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Last Updated on May 8, 2015, by eNotes Editorial. Word Count: 1451

Mendel Singer teaches Hebrew in Zuchnow, a small Ukrainian village. His life is sparse and meager, but he is healthy and eats well, and he loves his wife, Deborah, and his children. Still, his prospects are not good in this impoverished region. Then, Deborah bears a fourth child, Menuchim.

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For a year Menuchim seems to develop normally, but in the thirteenth month a change comes over him, affecting his breathing, color, and shape. At first Mendel worries little; after all, he is an upright man. When the doctor from the inoculation commission examines Menuchim, however, he declares the boy an incurable epileptic. With little other hope, Mendel increases his devotions. Deborah invokes the spirits of her dead forebears.

One day, Deborah takes Menuchim to Klucysk to visit the rabbi. Singling her out from the throng of the afflicted, he pronounces that Menuchim will become sound, though not soon, and that his parents should never lose hope or abandon him.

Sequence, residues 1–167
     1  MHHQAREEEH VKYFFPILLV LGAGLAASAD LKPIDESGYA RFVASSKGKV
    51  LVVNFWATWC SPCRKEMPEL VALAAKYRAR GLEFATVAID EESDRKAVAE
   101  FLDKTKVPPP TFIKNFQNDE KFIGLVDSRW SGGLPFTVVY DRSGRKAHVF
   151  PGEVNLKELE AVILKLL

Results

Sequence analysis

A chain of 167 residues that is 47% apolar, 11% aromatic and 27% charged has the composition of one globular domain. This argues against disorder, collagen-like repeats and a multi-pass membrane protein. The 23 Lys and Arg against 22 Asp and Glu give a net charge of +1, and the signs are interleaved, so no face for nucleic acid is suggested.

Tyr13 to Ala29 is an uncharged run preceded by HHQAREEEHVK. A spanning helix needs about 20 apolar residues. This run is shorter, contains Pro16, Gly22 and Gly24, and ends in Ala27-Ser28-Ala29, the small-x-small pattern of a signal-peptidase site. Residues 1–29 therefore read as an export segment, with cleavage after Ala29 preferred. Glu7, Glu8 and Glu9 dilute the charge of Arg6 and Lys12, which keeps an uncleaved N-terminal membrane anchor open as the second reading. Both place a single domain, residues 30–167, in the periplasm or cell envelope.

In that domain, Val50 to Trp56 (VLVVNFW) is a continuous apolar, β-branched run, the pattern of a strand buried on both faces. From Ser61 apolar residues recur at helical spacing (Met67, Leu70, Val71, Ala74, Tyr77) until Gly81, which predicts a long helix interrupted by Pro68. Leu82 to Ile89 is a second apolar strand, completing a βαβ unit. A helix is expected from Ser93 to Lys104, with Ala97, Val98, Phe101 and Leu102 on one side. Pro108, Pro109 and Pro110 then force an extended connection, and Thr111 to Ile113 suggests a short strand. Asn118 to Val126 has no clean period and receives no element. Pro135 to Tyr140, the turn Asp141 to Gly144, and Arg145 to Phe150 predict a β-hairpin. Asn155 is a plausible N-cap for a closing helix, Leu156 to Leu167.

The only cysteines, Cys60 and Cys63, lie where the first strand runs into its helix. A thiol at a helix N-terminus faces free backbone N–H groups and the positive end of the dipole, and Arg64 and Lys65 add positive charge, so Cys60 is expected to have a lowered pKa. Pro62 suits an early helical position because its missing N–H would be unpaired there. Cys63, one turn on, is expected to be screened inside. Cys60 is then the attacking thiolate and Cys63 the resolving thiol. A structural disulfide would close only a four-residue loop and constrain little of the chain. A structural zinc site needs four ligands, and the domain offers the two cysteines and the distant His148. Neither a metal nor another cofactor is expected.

Deciding that the older children should help with Menuchim, Deborah makes them carry him around with them. Hating this burden, they eventually drop him in a ditch filled with water in which he nearly drowns. Yet he somehow manages to survive. Life continues, punctuated only by Menuchim’s first word, “Mama.” That, however, remains his only word.

Ten years pass. The children grow up, although Menuchim changes very little. Suddenly, the daughter, Miriam, begins to wander in the evenings, delighting in arousing the Russian soldiers. When the two healthy boys are taken for military training, Deborah rages at Mendel for doing nothing about it, then she rushes out to spend the night in the graveyard praying.

She decides to seek help from a middleman, leaving Mendel with the children. Mendel loves these quiet hours with Menuchim; yet, after vainly trying to teach him to read, Mendel sinks into despair. Meanwhile, Deborah discovers that her meager hoard of cash can buy only one exemption, for her son Jonas. Nevertheless, Jonas declares that he wants to enlist. Early the next morning, he leaves home, although he does not join the service immediately.

Shortly thereafter, the son Schemarjah is taken for duty. Led out to replace the outpost guard at the border, the new recruits come under fire; they desert, by morning arriving at a town at which they are taken into custody. For a while, the Singer family hears nothing of Schemarjah, although Jonas writes occasionally.

A few years later, a foreigner appears at the Singer home. He brings a letter from Schemarjah, who is in New York, where he has gone into business with this man, named Mac. Now calling himself “Sam,” Schemarjah has married and invites his family to visit him in the United States. Unfortunately, the family’s traveling is limited by Menuchim’s disabilities.